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FOX (ended 2010)

Orange You Sad I Did Say Banana

  • Avatar of DocBlaze

    DocBlaze

    [1]Sep 5, 2008
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    Has anybody ever received the same kind of criticism that Kahn received in this episode? I totally identified with him in this episode. It was a funny one, especially when he tried his hardest, but what got me was the accusations he got from the Laotian community. With me, it's like if someone were to say that I'm not Mexican enough because I was born, raised, and grew up here in the states and while I do connect with my relatives, I have to say that I am very Americanized. It's the same thing when certain African-Americans are accused of being 'sellouts'.
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    black_mage_x

    [2]Sep 5, 2008
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    I thought that you were going to tell a knock knock joke.
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    HelloStuart

    [3]Sep 5, 2008
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    black_mage_x wrote:
    I thought that you were going to tell a knock knock joke.

    Nope, it's an episode from three years ago. In another futile attempt to join that all-Laotian country club, Kahn is accused of being a "banana" (a.k.a. an Asian Oreo) and tries to live a lifestyle akin to his ancient roots.
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    Hiei1314

    [4]Sep 6, 2008
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    Well, you see, there are two extremes to that:

    One is where the person still desperately clings to every part of their heritage.

    The other is where they dump it all out the window and let themselves get whitewashed.

    So I, being the daughter of two Latino immigrants (not Mexican, just to make that clear), have experience with that. I was born and raised here and I speak perfect English, but I don't simply forget my Salvadoran, Panamanian, and Puerto Rican roots. I speak Spanish, I eat food from my native countries, I know a lot about my culture. I'm very proud of where I come from, but I don't go to the first extreme. But like I said, I don't go around trying to act like a white valley/rich girl (like I've seen many Korean and Filipino girls do. Just stating an observation, I don't want to offend anyone), either. And I don't mean to offend any white people by "white valley/rich girl," it's just another observation. People in my or my parents' position sometimes think that being white is being "American," which, of course, is not true.

    So what people like Kahn and their children need to do is find a balance. It's actually not as hard as people think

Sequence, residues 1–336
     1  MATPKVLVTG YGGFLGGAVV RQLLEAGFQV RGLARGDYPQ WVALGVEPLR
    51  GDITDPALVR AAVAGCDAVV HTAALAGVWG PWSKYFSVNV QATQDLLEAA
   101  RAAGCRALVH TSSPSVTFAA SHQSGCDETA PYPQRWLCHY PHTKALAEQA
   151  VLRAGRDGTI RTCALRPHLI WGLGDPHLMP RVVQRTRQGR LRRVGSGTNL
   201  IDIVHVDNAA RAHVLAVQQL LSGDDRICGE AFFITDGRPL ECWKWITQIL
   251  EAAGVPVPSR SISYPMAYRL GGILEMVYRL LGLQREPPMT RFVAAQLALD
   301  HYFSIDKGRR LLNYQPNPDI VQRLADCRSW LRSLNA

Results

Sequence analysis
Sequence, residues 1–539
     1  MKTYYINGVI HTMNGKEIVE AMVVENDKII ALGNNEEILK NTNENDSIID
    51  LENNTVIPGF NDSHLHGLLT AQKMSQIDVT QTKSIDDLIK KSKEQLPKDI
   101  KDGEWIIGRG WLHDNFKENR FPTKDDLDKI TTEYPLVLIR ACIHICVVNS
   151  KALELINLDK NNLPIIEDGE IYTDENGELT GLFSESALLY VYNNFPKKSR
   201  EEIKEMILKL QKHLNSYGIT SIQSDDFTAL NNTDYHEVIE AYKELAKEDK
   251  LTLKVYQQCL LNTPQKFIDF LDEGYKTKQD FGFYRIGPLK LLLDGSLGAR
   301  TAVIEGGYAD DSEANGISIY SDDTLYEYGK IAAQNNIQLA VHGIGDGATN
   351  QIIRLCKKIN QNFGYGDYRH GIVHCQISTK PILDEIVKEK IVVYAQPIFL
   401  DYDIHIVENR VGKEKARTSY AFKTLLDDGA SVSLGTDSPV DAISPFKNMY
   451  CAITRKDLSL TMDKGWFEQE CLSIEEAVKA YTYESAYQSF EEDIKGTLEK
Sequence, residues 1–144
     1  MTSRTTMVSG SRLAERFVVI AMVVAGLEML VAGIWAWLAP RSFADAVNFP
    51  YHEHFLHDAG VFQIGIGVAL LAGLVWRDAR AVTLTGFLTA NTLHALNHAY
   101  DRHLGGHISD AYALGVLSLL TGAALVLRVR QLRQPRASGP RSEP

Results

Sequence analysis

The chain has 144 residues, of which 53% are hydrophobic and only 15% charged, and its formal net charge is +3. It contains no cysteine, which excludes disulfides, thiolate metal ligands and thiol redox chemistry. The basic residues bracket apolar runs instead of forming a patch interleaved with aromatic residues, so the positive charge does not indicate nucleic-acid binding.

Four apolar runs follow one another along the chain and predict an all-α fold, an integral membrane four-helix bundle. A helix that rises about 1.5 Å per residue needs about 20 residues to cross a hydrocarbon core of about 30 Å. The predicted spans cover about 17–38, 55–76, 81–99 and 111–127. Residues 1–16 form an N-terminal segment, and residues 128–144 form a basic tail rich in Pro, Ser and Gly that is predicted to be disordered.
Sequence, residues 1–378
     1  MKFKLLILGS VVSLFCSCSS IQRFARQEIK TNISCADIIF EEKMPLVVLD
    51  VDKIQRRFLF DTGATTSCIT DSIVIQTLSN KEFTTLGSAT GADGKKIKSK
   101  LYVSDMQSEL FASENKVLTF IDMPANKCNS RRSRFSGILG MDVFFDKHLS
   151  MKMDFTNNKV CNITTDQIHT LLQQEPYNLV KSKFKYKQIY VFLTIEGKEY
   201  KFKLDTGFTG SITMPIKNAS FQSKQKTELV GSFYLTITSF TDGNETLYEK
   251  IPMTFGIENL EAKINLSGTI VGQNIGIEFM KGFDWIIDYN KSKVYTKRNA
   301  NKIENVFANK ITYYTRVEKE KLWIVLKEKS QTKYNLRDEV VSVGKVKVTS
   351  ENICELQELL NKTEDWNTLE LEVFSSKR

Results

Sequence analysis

So I was a little mixed about the ending. It's good that Kahn kept the pool and wasn't ashamed of it, but it still felt like he was fine with losing touch with his heritage. I mean, other than still speaking Laotian, it's like he's trying to forget about it.

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  • Avatar of HelloStuart

    HelloStuart

    [5]Sep 6, 2008
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    Hiei1314 wrote:

    Well, you see, there are two extremes to that:

    One is where the person still desperately clings to every part of their heritage.

    The other is where they dump it all out the window and let themselves get whitewashed.

    So I, being the daughter of two Latino immigrants (not Mexican, just to make that clear), have experience with that. I was born and raised here and I speak perfect English, but I don't simply forget my Salvadoran, Panamanian, and Puerto Rican roots. I speak Spanish, I eat food from my native countries, I know a lot about my culture. I'm very proud of where I come from, but I don't go to the first extreme. But like I said, I don't go around trying to act like a white valley/rich girl (like I've seen many Korean and Filipino girls do. Just stating an observation, I don't want to offend anyone), either. And I don't mean to offend any white people by "white valley/rich girl," it's just another observation. People in my or my parents' position sometimes think that being white is being "American," which, of course, is not true.

    So what people like Kahn and their children need to do is find a balance. It's actually not as hard as people think

    So I was a little mixed about the ending. It's good that Kahn kept the pool and wasn't ashamed of it, but it still felt like he was fine with losing touch with his heritage. I mean, other than still speaking Laotian, it's like he's trying to forget about it.


    Exactly. The whole episode was a social satire about assimilation where everything was taken to outrageous (and often hilarious) extremes. In the course of the show's run, we've seen Kahn's family at both ends of the spectrum (the other being the episode where they "go hillbilly") in a desperate attempt to fit into their surroundings.
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  • Avatar of DocBlaze

    DocBlaze

    [6]Sep 24, 2008
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    I know exactly what you guys mean. For one thing, I may connect with relatives and such, but it's like how I look at specific people of the African American heritage being looked at as Uncle Toms, Oreos, or sellouts.
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